Wednesday, 14 June 2017
Statements by Senators
Watt, Senator Murray
A contribution made in this place earlier today by Senator Watt, the Labor senator for Queensland, in, again, an almost grubby personal attack by the senator on another member of the parliament, a senator in this place, is starting to show a trend. I have not seen that before in this Senate in my three-plus years. I urge everybody to keep a focus on Senator Watt's contribution of playing the person and not the issue—not challenging policy but playing the individuals. It is a very disturbing trend appearing in his behaviour in this place. This is a big boys and girls' sandpit and we are all used to the strong rough-and-tumble of politics in this place, but Senator Watt's colleagues need to have a yarn to him to explain to him that personal politics has no place in this chamber. This is the second attack that he has made in the last two sitting weeks of this parliament, and it is a very unsavoury practice and one that he should reflect upon. Perhaps it is clear that his skill base does not allow him to make the argument on facts and on policy issues, and perhaps some of his colleagues could provide him with some support and education so that he can lift the standard of his contributions in this place.
Let us make no mistake about the fundamental objective of Senator Watt and the Labor Party and, indeed, a new coalition between the Labor opposition and the Greens on the crossbench. This has one single objective in life, and that is to ensure that there is no further development of the coal industry in my home state of Queensland. I urge all Queenslanders to look very thoroughly at the motives behind Senator Watt and his colleagues in the Greens and what they are doing. Every single aspect is directed at inhibiting the growth of the Galilee Basin, the growth that will come with NAIF—the Northern Australia Infrastructure Facility—the development of the rail line and all of the massive benefits that will flow to my constituency in Queensland.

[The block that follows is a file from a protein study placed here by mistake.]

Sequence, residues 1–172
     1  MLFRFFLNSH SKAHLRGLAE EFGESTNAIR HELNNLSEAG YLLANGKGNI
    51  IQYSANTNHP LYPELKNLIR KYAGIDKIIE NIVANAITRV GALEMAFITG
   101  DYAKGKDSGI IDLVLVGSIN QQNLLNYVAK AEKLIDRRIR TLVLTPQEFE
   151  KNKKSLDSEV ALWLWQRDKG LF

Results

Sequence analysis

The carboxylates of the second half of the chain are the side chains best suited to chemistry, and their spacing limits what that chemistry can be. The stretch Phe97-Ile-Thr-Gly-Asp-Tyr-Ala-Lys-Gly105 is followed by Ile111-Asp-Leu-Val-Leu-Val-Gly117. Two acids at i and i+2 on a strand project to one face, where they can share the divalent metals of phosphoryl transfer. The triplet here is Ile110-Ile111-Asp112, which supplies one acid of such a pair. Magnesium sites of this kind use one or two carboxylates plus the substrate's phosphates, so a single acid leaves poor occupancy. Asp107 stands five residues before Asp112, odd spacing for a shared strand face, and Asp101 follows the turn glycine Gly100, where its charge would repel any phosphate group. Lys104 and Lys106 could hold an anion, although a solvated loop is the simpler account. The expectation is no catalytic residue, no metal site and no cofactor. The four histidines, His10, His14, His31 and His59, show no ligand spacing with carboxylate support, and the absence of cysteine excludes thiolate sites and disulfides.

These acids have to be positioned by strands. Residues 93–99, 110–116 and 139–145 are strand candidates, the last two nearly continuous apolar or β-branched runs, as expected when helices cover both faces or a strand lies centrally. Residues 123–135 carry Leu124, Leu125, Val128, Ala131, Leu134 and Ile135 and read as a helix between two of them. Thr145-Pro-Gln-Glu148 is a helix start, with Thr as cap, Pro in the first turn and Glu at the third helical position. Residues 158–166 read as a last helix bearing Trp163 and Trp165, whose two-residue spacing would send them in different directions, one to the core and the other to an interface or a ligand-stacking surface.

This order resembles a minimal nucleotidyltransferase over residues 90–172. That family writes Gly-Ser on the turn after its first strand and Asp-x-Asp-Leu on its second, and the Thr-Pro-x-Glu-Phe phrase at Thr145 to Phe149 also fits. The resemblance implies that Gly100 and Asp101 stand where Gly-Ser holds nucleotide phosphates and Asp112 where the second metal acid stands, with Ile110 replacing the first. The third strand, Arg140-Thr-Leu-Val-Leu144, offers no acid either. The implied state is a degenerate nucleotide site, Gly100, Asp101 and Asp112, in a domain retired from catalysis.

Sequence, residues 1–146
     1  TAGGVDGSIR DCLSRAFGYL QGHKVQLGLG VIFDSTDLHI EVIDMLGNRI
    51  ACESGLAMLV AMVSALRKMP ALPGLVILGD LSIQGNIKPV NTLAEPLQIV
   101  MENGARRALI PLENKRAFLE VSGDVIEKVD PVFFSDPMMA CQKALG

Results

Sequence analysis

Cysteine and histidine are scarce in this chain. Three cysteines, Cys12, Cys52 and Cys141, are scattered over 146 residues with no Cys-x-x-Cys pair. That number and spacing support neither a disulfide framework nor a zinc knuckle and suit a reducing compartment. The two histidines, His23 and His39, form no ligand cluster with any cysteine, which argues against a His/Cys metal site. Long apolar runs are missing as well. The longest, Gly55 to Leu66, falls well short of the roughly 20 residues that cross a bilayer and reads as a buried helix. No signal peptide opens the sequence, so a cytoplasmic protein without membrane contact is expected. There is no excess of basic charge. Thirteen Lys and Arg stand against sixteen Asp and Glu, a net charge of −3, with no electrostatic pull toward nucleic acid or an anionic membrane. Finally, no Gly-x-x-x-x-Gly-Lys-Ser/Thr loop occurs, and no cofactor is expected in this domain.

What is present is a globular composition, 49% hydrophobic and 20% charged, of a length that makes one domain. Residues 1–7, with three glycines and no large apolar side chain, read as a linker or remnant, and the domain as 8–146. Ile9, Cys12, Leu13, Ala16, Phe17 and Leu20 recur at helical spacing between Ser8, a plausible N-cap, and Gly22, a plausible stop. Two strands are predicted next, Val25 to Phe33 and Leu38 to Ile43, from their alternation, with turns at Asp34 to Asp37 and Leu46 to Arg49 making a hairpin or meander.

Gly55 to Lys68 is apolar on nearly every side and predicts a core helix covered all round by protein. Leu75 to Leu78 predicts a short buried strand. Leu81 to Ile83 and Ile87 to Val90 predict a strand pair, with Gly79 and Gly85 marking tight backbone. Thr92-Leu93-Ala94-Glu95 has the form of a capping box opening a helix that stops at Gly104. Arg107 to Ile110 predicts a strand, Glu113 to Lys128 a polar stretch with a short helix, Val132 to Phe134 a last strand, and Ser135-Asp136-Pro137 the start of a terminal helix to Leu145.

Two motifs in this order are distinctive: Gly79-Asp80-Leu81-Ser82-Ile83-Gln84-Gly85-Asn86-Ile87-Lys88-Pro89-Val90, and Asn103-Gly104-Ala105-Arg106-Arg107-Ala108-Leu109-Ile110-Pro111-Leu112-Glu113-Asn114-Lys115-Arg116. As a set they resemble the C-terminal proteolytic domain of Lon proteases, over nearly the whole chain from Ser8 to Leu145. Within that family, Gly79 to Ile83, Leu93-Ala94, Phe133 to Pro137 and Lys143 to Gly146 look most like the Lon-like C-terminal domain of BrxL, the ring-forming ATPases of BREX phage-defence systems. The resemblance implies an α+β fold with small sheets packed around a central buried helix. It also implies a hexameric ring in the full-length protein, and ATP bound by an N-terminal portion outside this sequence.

When will the opposition in this place, including the Greens and the Labor Party, join with the government in a bipartisan approach to develop the economy of my home state and all the benefits that that will bring to the nation? The attack today, for example, in relation to NAIF and the appointment of directors to NAIF—
Let's just bring some things to the attention of the chamber some things which were delivered by a Labor government either when Senator Watt was the chief of staff to the failed Labor Premier, or indeed when he was a part of the failed Labor government—the one that was punted. He was able to lose one of Labor's finest seats that had been held by a Labor member for 40 years without a break. Let's look at some of the appointments in Queensland—and this is directly relevant to Senator Watt and his colleagues. They appointed the former Labor ministers, Mike Reynolds and Paul Lucas to the boards of the Port of Townsville and Powerlink.
As I often say in this place: you know when you are on the money with the volume and frequency of attempts to try and impede your presentation. Senator Watt and his colleagues—in one of the two capacities that I mentioned—appointed former ALP president and union boss Dick Williams as Chairman of the Queensland Building and Construction Commission. Tell me if that is not a conflict; tell me if that is not a massive conflict. They appointed Labor mayor, Jim Soorley, as Chairman of CS Energy. I don't know what Jim thinks about—
Senator Watt, that is not a point of order. You know it is not a point of order; it is a debating point. Again, I remind you that you were heard in silence, so please give that same degree of respect to Senator O'Sullivan. You can take the discussion out of this chamber at another time.